The Carola S. Trier collection consists of the personal documents of Carola S. Trier. The bulk of the collection consists of her memoirs, covering a period from 193 to 1942. The collection also includes Carola S. Trier's personal and official correspondence and personal documents, as well as notes and notebooks by her father, Eduard Strauss. Also included clippings, mostly from The New York Times and Aufbau.
The collection contains various documents and papers related to the life of Celia Schweitzer including family trees and geneology notes, several vital certificates, a poetry album, correspondence and sewing patterns.
This collection mainly consists of letters and postcards from Christian Morgenstern to Ephraim and Fega Frisch, née Lifschitz. Some clippings and poems are also included.
The work of the New York office of the Conference on Jewish Material Claims Against Germany is documented in this collection via reports, financial statements and memorandum dating from 1955 to 1972.
The David Balter Ccollection includes materials pertaining to World War II. The bulk of the collection consists of printed materials: brochures, newspapers, magazines, and clippings, and German propaganda leaflets. Other materials include photographs, small amount of personal correspondence, and General Orders of the 79th Infantry Division.
The collection contains extensive correspondence of Baumgardt including letters from the front to his family during World War I, and correspondence with Conrad Aiken, Hannah Arendt, Julius Bab, Bertha Badt-Strauss, Leo Baeck, Isaiah Berlin, Walter Benjamin, Hugo Bergmann, Kurt Blumenfeld, Ilse Blumenthal-Weiss, Martin Buber, John Dewey, Dora Edinger, Albert Einstein, Ismar Elbogen, Elisabeth Foerster-Nietzsche, Felix Frankfurter, Sigmund Freud, Georg Heym, Salomo Friedlaender (Mynona), Max Gruenewald, Hermann Hesse (including photos, watercolors, autographed poems), Sidney Hook, Rudolf Kayser, Wolfgang Koehler, Hans Kohn, Georg Landauer, Heinrich Mann, Thomas Mann, Hans Margolius, Reinhold Niebuhr, Erwin Panofsky, Jacob Picard, Kurt Pinthus, Joachim Prinz, Hyman Rickover, Eleanor Roosevelt, Arthur Schlesinger, Hans Joachim Schoeps, Gershom Scholem, Toni Sender, Ernst Simon, Chaim Weizmann, Beatrice Webb, Robert Weltsch, and Arnold Zweig.
Also included are manuscripts, articles, lectures, and offprints by and about Baumgardt on philosophy, ethics, religion, literature, politics, and other subjects; transcripts of conversations with Einstein and Freud.
Correspondence and reviews about publication of Horizons of a Philosopher (the Festschrift for David Baumgardt).
Letters, notes, and manuscripts by Dorothy Canfield Fischer.
Photos of Baumgardt's family and friends.
Organizational records of the Zionist youth group Ha-Poel Ha-Zair, including minutes of the central council of the organization in Berlin and letters from Georg Landauer, Eugen Taeubler and Robert Weltsch, 1919-1921.
[AV collection (records)] Interview with Voice of America, February 23, 1955 ( 1 record)
[OS 80] Article "Erwachen der Romantik" (1930) (copy in Box 16, Folder 16); page from the Juedische Rundschau with notes by Baumgardt (copy in Box 18, Folder 19); speech "Jeremy Bentham, an Englishman, to the Citizens of the Several American United States, London 1817" (copy in Box 24, Folder 2)
[R 12] Sigmund Freud Autographs (copies in file).
The Dorothy Filene collection documents the personal life and professional activities of Dorothy Filene, née Finkelstein and to a lesser extent personal lives of a number of members of the Finkelstein family. This collection consists of a variety of materials such as correspondence, clippings, annual reports, brochures, job applications, notes and other school materials, minutes, and various manuals, used by Dorothy Filene in her work as a social worker.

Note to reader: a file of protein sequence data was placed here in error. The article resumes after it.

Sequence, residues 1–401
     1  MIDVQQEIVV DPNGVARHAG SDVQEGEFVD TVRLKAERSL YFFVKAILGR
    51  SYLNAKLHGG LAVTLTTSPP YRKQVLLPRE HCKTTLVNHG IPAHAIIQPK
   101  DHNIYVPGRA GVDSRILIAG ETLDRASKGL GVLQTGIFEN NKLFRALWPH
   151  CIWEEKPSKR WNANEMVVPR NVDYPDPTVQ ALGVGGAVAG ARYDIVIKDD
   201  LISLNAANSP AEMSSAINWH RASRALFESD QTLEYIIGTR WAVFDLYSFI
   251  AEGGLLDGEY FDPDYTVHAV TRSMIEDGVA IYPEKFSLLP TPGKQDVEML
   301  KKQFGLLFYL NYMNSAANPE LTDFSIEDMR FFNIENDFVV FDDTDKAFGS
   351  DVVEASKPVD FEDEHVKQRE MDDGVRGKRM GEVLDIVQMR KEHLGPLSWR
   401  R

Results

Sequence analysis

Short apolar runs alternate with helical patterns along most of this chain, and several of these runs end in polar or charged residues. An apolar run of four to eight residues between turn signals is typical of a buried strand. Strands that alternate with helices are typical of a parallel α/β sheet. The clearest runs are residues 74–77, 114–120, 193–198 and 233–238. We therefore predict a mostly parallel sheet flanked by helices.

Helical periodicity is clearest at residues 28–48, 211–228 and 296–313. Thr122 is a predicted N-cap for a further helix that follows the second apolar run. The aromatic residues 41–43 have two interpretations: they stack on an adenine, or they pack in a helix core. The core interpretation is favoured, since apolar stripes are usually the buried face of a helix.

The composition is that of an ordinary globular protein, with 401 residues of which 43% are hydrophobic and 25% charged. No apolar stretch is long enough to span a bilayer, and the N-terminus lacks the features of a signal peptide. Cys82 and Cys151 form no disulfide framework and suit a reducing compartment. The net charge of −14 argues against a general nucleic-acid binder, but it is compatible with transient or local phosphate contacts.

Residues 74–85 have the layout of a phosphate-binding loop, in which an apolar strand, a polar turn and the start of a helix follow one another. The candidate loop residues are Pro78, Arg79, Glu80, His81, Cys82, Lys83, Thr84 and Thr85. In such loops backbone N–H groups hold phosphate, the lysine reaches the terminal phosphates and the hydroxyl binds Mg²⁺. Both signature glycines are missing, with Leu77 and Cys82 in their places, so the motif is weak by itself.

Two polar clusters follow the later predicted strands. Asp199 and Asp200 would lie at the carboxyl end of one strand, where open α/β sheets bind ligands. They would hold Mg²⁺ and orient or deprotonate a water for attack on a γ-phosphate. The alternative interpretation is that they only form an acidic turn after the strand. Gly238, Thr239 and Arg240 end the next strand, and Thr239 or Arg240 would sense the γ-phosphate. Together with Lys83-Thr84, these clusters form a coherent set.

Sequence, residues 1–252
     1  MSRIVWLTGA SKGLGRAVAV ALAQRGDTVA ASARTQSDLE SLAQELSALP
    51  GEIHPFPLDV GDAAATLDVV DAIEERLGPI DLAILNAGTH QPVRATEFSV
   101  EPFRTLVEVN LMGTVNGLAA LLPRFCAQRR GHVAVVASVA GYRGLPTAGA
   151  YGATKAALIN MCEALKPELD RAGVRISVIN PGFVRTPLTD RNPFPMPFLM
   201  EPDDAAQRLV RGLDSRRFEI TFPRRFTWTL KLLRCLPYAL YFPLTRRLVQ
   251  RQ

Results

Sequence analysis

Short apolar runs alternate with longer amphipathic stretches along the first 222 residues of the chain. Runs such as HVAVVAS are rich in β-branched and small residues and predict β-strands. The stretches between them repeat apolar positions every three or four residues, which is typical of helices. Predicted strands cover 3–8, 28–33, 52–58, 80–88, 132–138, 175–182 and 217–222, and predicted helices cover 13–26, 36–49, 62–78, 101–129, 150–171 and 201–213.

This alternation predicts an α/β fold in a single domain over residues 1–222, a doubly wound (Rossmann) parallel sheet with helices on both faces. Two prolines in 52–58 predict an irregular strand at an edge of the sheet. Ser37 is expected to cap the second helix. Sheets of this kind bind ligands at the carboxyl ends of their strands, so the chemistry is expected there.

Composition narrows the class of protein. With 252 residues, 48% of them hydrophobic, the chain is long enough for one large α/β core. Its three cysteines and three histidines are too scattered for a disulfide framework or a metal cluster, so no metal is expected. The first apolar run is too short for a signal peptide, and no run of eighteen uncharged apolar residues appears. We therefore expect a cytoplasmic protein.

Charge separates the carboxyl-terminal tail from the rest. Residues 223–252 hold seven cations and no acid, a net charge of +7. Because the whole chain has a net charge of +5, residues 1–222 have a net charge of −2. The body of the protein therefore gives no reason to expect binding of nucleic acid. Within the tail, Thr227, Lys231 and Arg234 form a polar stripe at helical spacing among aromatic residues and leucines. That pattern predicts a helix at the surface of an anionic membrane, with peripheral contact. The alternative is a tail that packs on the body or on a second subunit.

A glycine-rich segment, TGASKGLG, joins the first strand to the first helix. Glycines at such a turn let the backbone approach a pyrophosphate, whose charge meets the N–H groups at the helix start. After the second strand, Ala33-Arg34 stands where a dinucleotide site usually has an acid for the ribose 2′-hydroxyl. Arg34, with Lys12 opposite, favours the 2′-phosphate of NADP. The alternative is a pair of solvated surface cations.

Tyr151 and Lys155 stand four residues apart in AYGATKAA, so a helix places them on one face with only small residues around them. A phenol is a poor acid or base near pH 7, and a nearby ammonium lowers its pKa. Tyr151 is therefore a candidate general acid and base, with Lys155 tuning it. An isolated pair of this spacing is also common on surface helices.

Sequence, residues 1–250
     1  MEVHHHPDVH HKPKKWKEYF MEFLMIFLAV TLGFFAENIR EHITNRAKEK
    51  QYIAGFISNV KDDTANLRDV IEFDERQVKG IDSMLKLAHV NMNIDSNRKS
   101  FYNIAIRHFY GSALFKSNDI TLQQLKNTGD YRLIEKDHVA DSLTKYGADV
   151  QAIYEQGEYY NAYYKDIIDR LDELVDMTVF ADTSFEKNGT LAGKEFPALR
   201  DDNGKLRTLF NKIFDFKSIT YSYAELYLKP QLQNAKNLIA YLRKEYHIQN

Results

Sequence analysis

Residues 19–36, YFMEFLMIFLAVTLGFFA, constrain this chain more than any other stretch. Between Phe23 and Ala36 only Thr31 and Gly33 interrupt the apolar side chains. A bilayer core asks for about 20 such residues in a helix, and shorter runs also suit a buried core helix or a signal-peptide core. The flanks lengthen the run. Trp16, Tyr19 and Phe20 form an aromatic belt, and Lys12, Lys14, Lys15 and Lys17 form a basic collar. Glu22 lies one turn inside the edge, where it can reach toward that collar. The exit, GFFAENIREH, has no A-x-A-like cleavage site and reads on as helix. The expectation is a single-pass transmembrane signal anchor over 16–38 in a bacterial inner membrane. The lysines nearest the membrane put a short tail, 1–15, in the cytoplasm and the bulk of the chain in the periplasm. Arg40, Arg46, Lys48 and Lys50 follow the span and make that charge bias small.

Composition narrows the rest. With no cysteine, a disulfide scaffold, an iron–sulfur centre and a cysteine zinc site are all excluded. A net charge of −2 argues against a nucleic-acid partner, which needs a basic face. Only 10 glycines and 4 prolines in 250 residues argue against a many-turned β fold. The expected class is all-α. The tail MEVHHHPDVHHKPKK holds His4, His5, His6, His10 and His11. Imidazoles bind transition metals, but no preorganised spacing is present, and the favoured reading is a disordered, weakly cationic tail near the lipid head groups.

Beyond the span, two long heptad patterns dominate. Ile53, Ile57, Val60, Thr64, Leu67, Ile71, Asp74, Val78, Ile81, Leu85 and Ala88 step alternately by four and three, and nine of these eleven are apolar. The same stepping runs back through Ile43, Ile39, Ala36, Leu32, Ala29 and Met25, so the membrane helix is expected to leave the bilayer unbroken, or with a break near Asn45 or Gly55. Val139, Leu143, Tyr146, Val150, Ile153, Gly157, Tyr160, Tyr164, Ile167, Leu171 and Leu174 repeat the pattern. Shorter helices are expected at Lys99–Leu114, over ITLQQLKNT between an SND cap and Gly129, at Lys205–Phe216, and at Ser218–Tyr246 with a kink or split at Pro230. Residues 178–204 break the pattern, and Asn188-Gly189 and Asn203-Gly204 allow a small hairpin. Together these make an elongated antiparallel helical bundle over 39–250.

The Douglas Morris Collection consists of oral history interviews conducted by Douglas Morris in the mid-1970s. The interviewees were Swiss and German Jews who survived World War II and were living in Germany or Switzerland at the time of the interview. The collection includes audio cassette tapes as well as associated materials such as transcripts, translations, narrative summaries, notes, index cards, and printed research materials. The German interviews formed the basis of Morris’s undergraduate honors thesis at Wesleyan University, and the collection includes drafts and other materials related to this thesis.
The Edgar Trier Collection documents Edgar Trier’s military career, first as a member of the French Foreign Legion and then as a soldier in the Unites States Army. The collection consists of personal materials as well as Army related materials such as personal correspondence, memoirs, military orders and reports, certificates, photographs, and clippings.
The Elisabeth Lunau Collection documents Elisabeth Lunau’s personal life and her research on her father, Ludwig Marum, a Minister in the Weimer Republic and a prominent figure in the Socialist movement; the collection also documents Elisabeth Lunau’s research on her family’s genealogy. The collection consists of correspondence, vital-, immigration-, and financial documents, photographs, lists, genealogical tables, manuscripts, notes, and printed materials.
Eliyahu Guttmacher was a rabbi, Talmudic scholar, mystic, communal leader, and early Zionist. During his lifetime he was known as the Tsadik of Grätz and thousands of Jews flocked to him for blessings and advice. Guttmacher was also known for his support of Rabbi Zvi Hirsch Kalischer, an early Zionist, and for his extensive collection of funds for institutions in Palestine. The bulk of the collection consists of several thousand kvitlekh (written requests to a rabbi asking for a blessing or advice). The kvitlekh were received from Jews residing in Poland and other, mostly European, countries. They reflect the social history of European Jews in the mid-19th century and relate to financial, medical, and family problems. In addition, the collection contains the following: general correspondence, including inquiries relating to religious matters, family correspondence, legal documents such as court and government papers, bills, certifications by unidentified authors, discussions on Jewish law by unknown authors, amulets, business documents, and receipts for contributions to charitable institutions in Palestine.